A potentially grave situation for Danish churchyards – The Post

A potentially grave situation for Danish churchyards

Changing burial patterns and depopulation in rural areas could cause some graveyards to be reclaimed

To combat shrinking graveyards some churches are planting more bushes or putting in benches (photo: Thomas Bredøl)
April 26th, 2018 1:50 pm| by Stephen Gadd

The association of Danish cemetery administrators estimates that around half of the total churchyard area in Denmark is not being used.

Graves are not being maintained for so long and more people are being buried in urns that do not take up so much space, DR Nyeder reports.

In Denmark, it is usual that a grave is preserved for a minimum of 20 years and an urn burial for 10 years. After that, it can be extended or the grave site reused.

READ ALSO: Prices rising at Danish cemeteries

Filling the gaps
“In parishes where the population is declining, the preservation period on more and more graves runs out, so there are more and more gaps between them,” said Asger Grove Korsholm, the dean of Nørdre and Søndre Deanery in Herning.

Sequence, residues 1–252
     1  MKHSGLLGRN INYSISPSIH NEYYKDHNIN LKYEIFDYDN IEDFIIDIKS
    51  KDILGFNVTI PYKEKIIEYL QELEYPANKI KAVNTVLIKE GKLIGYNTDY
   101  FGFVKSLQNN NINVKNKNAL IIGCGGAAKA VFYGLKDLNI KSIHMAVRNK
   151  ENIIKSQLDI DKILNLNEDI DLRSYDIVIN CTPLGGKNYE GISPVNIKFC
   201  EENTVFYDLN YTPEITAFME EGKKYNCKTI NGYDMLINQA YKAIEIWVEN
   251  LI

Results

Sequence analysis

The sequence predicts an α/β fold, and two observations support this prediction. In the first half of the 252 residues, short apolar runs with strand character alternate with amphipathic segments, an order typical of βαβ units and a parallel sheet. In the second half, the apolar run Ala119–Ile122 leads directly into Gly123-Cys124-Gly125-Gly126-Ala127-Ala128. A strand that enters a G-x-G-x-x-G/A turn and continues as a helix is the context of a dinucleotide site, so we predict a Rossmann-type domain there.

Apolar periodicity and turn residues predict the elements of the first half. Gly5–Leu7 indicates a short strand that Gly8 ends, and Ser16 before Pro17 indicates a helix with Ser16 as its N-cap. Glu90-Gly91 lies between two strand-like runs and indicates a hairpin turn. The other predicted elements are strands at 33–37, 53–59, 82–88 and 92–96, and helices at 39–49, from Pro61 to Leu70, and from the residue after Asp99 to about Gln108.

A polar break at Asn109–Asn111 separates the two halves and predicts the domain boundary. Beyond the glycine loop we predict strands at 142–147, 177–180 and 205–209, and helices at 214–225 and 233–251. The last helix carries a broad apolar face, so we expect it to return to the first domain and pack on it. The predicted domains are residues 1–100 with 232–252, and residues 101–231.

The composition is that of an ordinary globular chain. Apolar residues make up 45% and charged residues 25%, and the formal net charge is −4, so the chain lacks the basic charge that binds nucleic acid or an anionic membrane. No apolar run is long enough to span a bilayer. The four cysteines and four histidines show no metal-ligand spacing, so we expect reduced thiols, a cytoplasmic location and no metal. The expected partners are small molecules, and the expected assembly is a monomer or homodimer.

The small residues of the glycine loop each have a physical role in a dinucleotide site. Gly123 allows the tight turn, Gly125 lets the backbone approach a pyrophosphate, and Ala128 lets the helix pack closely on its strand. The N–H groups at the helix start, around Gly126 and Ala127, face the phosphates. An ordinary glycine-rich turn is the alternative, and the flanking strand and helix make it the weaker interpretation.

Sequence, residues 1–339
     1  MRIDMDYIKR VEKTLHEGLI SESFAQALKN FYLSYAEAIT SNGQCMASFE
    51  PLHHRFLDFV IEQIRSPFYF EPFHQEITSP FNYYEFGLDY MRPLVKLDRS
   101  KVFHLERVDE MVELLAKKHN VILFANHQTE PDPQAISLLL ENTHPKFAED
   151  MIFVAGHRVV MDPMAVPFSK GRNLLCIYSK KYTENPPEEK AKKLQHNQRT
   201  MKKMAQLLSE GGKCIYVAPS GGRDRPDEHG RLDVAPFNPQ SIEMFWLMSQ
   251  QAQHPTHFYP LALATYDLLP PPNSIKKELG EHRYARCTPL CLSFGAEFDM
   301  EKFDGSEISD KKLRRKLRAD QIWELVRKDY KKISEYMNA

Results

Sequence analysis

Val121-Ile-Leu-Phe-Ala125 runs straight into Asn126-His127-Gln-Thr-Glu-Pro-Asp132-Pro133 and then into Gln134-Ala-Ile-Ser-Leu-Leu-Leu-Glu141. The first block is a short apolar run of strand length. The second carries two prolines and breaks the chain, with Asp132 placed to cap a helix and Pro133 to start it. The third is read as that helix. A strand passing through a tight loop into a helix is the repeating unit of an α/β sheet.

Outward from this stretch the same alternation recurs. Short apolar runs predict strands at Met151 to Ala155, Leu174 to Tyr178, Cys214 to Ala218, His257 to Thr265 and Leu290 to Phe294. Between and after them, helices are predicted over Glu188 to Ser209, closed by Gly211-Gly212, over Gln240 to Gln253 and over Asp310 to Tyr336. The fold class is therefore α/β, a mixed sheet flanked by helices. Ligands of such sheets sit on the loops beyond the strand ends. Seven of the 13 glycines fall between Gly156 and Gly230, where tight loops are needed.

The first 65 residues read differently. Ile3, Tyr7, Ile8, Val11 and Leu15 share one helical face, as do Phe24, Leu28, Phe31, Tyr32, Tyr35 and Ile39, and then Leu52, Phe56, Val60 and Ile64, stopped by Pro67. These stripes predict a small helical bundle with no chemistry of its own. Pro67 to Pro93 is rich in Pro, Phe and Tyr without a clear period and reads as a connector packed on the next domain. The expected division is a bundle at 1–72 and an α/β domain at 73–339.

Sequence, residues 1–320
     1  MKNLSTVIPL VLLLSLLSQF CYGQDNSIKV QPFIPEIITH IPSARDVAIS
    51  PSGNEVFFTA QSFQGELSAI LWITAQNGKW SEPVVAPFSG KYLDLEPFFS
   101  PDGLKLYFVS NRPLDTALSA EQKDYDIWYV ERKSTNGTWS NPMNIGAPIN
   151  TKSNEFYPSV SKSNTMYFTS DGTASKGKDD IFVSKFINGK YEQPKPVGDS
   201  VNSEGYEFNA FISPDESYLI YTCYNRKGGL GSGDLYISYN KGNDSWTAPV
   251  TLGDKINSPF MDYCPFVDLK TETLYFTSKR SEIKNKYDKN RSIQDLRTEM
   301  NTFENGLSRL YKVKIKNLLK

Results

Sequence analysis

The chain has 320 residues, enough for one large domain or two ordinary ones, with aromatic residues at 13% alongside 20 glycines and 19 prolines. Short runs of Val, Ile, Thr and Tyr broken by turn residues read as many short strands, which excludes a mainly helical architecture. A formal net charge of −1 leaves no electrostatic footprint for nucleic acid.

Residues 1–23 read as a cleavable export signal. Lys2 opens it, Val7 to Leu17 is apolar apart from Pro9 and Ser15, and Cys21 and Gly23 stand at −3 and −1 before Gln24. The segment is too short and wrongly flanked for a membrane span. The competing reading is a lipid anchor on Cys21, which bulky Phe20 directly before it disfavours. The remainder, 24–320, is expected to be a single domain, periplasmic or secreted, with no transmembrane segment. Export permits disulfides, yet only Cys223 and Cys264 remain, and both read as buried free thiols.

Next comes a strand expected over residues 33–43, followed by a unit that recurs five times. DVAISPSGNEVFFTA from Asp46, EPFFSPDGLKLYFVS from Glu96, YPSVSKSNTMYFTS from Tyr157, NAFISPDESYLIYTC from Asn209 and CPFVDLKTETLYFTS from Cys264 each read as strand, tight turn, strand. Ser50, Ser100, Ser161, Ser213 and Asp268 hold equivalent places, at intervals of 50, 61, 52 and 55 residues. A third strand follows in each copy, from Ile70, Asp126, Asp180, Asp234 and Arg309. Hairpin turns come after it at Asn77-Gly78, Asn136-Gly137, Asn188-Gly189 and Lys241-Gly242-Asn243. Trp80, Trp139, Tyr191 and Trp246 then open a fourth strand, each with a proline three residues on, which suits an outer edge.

On the other hand, surviving spouses have the right to be buried by the side of their deceased husband or wife, so there will still be a need for graveyards.

Some parishes intend to combat the problem by using the vacant areas for more plants and benches and turning areas of their churchyards into recreative areas.

One reason for the decline is that more people are choosing a communal grave instead of an individual one. There are also more cremations and urns don’t take up as much room in the churchyard as a coffin burial does.

Also, the preservation period for graves is not being extended as frequently as it was in the past. This could be because family members are more often moving away from where they were born, so don’t feel the need to maintain the graves of their relatives as much.